Reaching the flow state
The flow state can be defined as an optimum state of consciousness where we perform our best with a heightened focus and immersion in activities such as art, play, sport, and work.
Mihaly Csikszentmihayli, a well-respected positive psychologist, delivered a Ted talk in February of 2004 on his contributing work to our understanding of happiness, creativity, human fulfillment and the notion of “flow.” Having been a young child during World War II in Europe observing adults who were unable to withstand the tragedies that the war bestowed upon them and live a contented life, Mihaly became interested and began to ask, "What makes a life worth living?". Noting that money cannot make us happy, he looked to those who found pleasure and lasting satisfaction in activities that brought about a state of “flow.”
What does it feel like to be in a state of flow?
- We are completely absorbed by what we are doing – we are focused and concentrated.
- There is a sense of ecstasy, or of being outside every-day reality.
- There is often great inner clarity – knowing what needs to be done and how well we are doing.
- There is a knowing that an activity is doable, even if it is difficult – that our skills are adequate to the task.
- There is a sense of serenity – no worries about oneself and a feeling of growing beyond the boundaries of the ego.
- There is a sense of timelessness – we are thoroughly focused on the present, and hours seem to pass in minutes.
- There is an intrinsic motivation – whatever produces flow becomes its own reward.
Achieving the flow state: the triggers
Some think that the flow state is unattainable unless you are an ultra-athlete, but this is not the case. “It is ubiquitous,” says Steven Kotler, author of Superman: Decoding the Science of Ultimate Human Perfection. “Anybody anywhere can apply the triggers for any task. And the amount of time someone spends in the flow has a massive and powerful correlation to life satisfaction.” So how to achieve it?
- Choose a task. A single task that can be done in solitude. Examples are playing piano, gardening, running, skiing, climbing, and writing.
- Allow enough time. Set aside a chunk of time so that the mind can be fully immersed in the task.
- Set clear goals. What you are doing and why you are doing it?
- Provide immediate feedback. In real time, how can we do what we are doing better?
- Near balance of a challenge-to-skills ratio. Flow exists near the midline of boredom and anxiety. If the task is dull, you disengage. If it is too hard, fear spikes and we look for a way out. The challenge needs to be slightly greater than our skill so that we stay in the sweet spot.
- Consequences. If there is danger involved, there is an automatic heightened sense of concentration.
- Rich environment. If there is novelty, complexity, and unpredictability, we are more likely to stay engaged.
- Deep embodiment. Total physical awareness including the five senses as well as proprioception and vestibular awareness.
- Clean and clear body and mind. If you feed your body and mind well, with nutritiously-dense whole foods and supplement with adaptogens and nootropics, both body and mind will flow more freely and with greater ease. HANAH ONE and Ashwagandha can reduce stress, clarify the mind, and increase interlobe communication between the brain hemispheres, creating the prime opening for flow state to emerge.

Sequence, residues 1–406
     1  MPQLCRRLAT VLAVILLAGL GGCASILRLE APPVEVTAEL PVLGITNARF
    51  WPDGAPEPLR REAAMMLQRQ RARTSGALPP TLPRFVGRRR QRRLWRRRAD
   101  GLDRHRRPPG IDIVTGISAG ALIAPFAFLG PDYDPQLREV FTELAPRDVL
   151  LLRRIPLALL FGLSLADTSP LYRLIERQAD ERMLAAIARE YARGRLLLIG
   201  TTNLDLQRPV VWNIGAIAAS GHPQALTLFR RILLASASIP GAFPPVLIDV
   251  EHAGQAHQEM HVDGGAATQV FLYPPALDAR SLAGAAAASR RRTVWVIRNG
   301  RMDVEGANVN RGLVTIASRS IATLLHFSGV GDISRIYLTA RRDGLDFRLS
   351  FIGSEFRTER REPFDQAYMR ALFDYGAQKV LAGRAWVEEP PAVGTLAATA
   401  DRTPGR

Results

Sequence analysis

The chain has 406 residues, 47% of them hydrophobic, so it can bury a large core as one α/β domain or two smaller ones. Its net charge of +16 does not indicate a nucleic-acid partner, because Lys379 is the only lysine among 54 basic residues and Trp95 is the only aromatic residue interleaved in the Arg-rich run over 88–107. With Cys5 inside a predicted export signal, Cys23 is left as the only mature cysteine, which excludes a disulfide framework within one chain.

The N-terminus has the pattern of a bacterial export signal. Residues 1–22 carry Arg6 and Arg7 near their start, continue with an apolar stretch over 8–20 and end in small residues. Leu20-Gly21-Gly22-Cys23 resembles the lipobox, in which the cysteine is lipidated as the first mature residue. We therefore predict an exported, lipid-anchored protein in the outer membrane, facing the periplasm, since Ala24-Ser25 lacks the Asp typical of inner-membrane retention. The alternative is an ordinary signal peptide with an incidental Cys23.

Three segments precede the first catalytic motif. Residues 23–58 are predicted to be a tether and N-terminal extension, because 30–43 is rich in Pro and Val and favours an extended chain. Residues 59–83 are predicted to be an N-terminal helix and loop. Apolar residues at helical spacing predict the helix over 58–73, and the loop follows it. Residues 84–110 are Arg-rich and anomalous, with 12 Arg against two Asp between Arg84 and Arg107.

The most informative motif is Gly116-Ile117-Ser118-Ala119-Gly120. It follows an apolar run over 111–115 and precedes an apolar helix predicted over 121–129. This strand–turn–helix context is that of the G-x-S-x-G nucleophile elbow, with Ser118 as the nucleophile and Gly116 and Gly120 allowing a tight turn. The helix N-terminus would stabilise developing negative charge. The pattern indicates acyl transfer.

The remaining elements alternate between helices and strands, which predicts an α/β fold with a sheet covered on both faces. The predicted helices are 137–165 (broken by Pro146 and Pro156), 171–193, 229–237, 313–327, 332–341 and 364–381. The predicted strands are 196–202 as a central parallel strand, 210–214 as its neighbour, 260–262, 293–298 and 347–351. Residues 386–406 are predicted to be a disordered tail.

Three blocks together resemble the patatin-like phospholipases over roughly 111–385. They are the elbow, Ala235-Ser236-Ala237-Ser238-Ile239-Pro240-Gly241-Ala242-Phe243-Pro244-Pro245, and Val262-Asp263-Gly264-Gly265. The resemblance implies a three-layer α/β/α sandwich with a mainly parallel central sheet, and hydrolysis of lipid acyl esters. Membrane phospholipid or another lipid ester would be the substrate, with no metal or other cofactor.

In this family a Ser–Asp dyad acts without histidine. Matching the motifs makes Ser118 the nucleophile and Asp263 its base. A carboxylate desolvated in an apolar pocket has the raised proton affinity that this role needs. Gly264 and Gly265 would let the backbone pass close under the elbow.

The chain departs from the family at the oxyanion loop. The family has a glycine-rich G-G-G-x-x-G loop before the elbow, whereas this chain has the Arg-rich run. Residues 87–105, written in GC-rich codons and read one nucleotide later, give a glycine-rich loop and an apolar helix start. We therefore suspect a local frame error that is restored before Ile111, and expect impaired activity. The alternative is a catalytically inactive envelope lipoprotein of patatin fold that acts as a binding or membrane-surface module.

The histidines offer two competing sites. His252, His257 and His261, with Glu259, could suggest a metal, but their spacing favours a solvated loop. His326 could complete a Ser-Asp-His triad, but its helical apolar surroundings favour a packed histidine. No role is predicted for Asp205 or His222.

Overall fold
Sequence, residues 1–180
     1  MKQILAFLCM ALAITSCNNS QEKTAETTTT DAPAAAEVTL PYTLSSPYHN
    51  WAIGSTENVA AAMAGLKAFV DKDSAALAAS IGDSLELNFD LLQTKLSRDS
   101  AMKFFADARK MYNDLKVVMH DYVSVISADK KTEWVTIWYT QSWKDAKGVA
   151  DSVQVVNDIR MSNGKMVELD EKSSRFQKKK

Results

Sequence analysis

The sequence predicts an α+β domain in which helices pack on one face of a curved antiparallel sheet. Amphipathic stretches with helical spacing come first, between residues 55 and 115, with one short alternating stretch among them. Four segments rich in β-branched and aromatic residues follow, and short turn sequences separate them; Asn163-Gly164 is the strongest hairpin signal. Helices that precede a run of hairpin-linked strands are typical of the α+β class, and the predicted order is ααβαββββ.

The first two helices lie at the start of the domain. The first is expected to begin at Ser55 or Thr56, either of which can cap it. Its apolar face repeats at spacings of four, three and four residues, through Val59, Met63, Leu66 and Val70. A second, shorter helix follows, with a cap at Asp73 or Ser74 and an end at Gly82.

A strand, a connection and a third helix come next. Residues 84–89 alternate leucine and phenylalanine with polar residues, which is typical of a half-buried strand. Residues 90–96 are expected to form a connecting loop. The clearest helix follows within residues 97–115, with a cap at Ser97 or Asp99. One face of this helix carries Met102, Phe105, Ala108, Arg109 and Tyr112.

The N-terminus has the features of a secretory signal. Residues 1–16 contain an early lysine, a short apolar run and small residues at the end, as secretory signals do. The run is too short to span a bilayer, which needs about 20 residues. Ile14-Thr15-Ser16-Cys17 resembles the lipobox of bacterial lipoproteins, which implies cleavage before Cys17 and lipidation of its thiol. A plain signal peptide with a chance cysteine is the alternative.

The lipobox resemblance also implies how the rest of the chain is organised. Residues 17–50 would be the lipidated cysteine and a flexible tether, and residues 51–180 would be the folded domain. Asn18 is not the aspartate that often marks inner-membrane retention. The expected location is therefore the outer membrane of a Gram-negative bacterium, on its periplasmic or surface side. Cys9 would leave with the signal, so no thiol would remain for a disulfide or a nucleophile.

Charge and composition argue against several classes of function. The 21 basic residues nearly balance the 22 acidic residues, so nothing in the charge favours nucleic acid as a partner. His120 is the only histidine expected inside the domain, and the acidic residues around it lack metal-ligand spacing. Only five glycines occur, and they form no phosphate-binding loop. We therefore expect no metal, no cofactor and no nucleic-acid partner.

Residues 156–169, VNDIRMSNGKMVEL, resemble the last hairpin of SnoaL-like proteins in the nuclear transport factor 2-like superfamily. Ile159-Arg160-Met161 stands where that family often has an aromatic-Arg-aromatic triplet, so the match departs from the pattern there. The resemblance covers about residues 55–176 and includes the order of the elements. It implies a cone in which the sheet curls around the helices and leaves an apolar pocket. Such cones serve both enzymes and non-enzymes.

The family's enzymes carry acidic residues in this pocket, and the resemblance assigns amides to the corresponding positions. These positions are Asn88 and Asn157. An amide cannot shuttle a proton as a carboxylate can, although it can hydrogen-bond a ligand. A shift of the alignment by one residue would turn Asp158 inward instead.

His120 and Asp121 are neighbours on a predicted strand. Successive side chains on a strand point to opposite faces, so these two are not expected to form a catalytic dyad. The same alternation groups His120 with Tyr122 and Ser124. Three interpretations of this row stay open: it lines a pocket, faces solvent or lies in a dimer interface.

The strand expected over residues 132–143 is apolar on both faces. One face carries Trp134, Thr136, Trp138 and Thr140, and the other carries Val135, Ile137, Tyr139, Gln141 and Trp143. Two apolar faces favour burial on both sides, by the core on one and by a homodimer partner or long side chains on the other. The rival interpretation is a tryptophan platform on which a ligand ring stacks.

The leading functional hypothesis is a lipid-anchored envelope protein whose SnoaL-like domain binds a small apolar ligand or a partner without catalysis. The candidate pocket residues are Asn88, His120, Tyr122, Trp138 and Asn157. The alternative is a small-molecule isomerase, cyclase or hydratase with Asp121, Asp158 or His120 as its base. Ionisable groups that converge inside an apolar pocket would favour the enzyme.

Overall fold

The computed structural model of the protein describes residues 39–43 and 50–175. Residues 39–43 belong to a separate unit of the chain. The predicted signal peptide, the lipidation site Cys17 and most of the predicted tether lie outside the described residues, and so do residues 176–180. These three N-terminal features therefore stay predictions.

What happens in flow state: a look inside your brain
During flow, the brain releases an enormous cascade of neurochemistry. Large quantities of norepinephrine, dopamine, endorphins, anandamide, and serotonin flood our system. Each of these neurotransmitters are pleasure-inducing performance-enhancing chemicals with considerable impacts on creativity. Both norepinephrine and dopamine amp up focus, boosting imaginative possibilities by helping us gather more information. They also lower signal-to-noise ratios, increasing pattern recognition or our ability to link ideas together in new ways. Anandamide, meanwhile, increases lateral thinking – it expands the size of the database searched by the pattern recognition system.
Flow state and diet
That’s right – there are many herbs and superfoods that work with the chemistry in your brain and body to induce flow. For instance, Ashwagandha – a well-studied nootropic and adaptogenic herb – has been shown to increase stamina and motivation while negating the effects of stress. This super herb both reduces anxiety and enhances mood, helping you gain the confidence and concentration needed to achieve flow. HANAH ONE also includes the nootropics Gotu Kola (which optimizes cerebral blood flow) and turmeric (which reduces inflammation in the brain). In fact, there are 7 flow-inducing adaptogenic herbs in HANAH ONE that target and harmonize any bodily function that requires balance so that one can find increased focus, clarity, and energy naturally.
Ready to try it for yourself?
You can get started with the HANAH Superbrew recipe to kickstart your day into calm, focused flow, followed by any of the activities/triggers suggested above.
We’d love to hear from you
What are some of your favorite ways of getting into flow? Have you tried the recipe above? If so, how did it make you feel?
Author Megan Henderson is a mom, yoga teacher, former organic farmer, and a writer living in Boulder, Colorado where she grows nightshades and 3 children while drinking homemade kombucha under the suburban starlight.
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